That afternoon we eat dinner at a popular restaurant in Downtown Cairo and leave Kareem to decide the menu. A number of typical Egyptian dishes are placed on the table, with beer for the guests. When he later returns home to relax a little (driving in Cairo is exhausting), the three of us decide to walk back to the hostel where we were staying. We turn right instead of left when we leave the restaurant and we have not walked far before we are lost. All signs are in Arabic and when Katherine asks a guy for directions, it turns out we heading into a perfume shop. We are served chai tea and Joe is offered thousands of camels for me (haha). We bargain down some perfume to an acceptable level before we finally manage to get out of there, in the right direction this time.
The east side of the Nile has its downtown with narrow streets, where male waiters are balancing trays of tea through the chaotic traffic and busy crowds. Most of the women I see here are covered, wearing chador or niqab. The west side has big wide streets and modern shops, where we find ourselves on our second night along with our two friends, at the Cedars restaurant. We all have a huge water pipe next to us along with tea and delicious food. We see both men and women here in western clothes and the atmosphere is lively but relaxed. After work beer with a little twist, comes to my mind as I pat on my shee-sha pipe. Cherry flavour this time.
Katherine shows a happy face as she opens a case. She takes out a mouthpiece and fits it to her pipe. Her third shee-sha today.
Crossing the streets of Cairo is almost suicidal. There is a kind of anarchy in the traffic and when we finally find ourselves outside the Egyptian Museum, we are truly happy to be alive. The traffic is quickly forgotten though when we step inside the museum. This beautiful peach-colored building houses Tutankhamun’s mask and all that was found in his tomb, along with so much more. I fall in love with Nefertiti’s unfinished head and the statue of Pharaoh Akhenaten. The museum truly reveals an exotic world and we stay there for quite some time.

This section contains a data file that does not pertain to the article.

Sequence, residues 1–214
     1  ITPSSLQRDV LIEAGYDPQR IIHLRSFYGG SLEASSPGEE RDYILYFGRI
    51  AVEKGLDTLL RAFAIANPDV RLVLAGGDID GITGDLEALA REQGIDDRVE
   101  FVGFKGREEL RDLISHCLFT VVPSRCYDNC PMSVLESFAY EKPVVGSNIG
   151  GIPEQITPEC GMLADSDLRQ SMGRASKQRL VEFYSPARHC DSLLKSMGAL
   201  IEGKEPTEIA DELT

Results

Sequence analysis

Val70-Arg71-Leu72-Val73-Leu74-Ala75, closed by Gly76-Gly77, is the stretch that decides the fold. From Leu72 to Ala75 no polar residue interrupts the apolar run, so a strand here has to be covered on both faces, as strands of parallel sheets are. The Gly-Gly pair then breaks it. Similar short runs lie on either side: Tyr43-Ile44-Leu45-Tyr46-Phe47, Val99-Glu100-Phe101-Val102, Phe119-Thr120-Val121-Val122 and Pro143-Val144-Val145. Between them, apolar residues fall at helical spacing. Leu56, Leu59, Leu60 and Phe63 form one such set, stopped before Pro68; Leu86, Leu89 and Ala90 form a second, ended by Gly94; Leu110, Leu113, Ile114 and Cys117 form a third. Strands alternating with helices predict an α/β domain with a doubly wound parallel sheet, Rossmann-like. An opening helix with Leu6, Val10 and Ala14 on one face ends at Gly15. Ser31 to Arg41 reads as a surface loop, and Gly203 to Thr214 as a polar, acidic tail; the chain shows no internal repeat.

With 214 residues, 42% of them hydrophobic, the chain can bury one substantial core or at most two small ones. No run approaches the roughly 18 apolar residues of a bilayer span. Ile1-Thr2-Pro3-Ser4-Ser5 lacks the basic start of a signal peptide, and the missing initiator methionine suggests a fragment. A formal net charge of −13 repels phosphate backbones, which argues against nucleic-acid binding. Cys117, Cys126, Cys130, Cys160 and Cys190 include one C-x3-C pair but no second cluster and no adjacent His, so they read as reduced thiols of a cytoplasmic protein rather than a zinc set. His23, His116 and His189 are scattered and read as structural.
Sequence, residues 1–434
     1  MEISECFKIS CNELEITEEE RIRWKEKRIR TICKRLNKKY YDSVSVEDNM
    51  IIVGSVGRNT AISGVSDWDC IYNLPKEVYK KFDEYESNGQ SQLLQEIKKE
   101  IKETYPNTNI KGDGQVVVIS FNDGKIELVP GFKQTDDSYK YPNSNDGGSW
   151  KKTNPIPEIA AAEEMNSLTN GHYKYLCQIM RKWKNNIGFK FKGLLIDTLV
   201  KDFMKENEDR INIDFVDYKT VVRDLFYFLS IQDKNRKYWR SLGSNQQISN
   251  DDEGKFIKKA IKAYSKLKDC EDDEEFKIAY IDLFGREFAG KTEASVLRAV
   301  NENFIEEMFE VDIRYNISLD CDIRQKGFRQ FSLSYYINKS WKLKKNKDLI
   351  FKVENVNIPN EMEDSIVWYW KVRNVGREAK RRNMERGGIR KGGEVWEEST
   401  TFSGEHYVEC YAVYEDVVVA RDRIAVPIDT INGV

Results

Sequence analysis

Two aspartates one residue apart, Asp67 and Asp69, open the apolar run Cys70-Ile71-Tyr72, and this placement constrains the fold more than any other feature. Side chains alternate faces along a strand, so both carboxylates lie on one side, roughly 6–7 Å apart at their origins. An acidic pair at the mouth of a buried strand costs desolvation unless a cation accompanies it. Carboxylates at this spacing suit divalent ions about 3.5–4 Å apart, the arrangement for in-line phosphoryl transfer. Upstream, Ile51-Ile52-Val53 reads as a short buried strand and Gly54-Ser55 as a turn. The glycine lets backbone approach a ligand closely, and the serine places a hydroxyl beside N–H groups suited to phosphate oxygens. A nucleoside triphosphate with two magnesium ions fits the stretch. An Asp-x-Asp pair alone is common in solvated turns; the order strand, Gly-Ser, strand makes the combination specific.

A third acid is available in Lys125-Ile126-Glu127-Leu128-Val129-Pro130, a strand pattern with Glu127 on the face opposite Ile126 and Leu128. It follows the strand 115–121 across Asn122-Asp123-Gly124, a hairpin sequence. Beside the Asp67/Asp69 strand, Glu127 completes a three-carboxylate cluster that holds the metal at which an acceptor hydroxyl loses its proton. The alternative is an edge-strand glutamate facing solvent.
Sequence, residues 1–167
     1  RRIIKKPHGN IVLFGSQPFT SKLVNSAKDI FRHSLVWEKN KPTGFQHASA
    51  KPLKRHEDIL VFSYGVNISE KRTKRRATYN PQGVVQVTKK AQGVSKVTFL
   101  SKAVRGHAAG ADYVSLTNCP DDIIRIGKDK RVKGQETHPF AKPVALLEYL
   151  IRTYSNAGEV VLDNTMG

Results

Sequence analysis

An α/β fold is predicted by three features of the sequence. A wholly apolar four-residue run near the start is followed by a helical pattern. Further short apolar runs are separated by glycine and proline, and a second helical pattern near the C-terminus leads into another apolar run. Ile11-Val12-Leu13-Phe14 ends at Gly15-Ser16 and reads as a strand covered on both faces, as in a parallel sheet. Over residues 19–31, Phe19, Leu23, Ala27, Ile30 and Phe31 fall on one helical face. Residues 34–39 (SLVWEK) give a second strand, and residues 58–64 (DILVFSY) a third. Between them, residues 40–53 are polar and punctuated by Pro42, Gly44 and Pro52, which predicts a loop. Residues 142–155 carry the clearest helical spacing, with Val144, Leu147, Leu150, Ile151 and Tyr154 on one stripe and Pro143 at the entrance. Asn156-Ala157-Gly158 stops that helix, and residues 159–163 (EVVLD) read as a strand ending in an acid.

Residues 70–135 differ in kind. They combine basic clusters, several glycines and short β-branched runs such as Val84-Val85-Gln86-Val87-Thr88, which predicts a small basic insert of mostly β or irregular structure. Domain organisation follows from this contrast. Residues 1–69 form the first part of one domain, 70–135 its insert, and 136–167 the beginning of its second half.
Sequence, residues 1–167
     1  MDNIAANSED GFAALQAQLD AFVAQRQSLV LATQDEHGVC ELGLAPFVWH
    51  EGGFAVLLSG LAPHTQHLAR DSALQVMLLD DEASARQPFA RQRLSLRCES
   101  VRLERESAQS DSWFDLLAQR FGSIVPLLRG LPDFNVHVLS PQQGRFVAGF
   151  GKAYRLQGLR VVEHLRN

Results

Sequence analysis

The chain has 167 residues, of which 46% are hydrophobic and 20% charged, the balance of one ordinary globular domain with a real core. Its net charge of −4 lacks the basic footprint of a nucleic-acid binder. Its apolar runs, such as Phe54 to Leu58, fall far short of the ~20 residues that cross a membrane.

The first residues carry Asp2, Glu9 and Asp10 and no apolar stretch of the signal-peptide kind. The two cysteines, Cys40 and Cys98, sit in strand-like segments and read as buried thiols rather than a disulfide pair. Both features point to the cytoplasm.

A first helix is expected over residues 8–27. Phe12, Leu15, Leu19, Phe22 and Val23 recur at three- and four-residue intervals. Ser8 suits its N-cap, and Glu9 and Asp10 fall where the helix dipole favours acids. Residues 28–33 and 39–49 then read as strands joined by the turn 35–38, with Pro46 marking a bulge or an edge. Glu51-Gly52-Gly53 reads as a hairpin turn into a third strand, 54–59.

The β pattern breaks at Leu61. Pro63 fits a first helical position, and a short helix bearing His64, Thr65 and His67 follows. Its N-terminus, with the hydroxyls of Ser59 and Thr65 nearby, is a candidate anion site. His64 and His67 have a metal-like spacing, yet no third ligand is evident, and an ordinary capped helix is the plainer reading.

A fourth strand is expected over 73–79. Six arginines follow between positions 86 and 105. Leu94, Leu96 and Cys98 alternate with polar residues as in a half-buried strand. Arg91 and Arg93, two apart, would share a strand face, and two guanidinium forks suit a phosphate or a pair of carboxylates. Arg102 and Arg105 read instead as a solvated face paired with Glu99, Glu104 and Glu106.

One cannot leave Cairo without a visit to one of the Middle East’s biggest bazaars, ‘Khan Al-Khalili’. The bazaar is just the way I think bazaars should be, a maze of alleys with interesting treasures and colorful people. Joe is pointing, Kareem is dealing. In the end we leave the bazaar with a couple of souvenirs at a very good price, including a shee-sha pipe and a lantern.
‘The bazaar is the final touch for our stay’, I tell Joe. I’m wrong.
Its New Year’s Eve now and the guys want find a party. Katherine and I would have been happy with a cup of tea and a shee-sha in the bazaar, but ok. We find one of the very few places in town that sells alcohol, a small kiosk with a few fridges full of beer. We buy a few cans and set off to meet up with Kareem’s friends. Half an hour later, we find ourselves at a juice bar making plans for the rest of the night. As the clock strikes twelve, we toast, with juice.
Later, we sit in the garden behind the Marriott Hotel, smoking water pipes and drinking beer. As I look up against the black night sky, I realize that I was too hasty earlier, while in the bazaar. This beautiful palace building by the Nile is like a movie set out of “1001 Nights”. You can live like a sultan here. In this legendary city with such incredibly rich history, we sit, pinching our arms. It was that final touch I mentioned earlier.
Sitting on the bus early the next morning, we were leaving a noisy, dusty and chaotic Cairo. It truly is a relief to leave here. But our experience of the city was so much better than we had envisaged and for that we can really thank our two new friends.
This is a text from the archive, which we felt deserved attention again.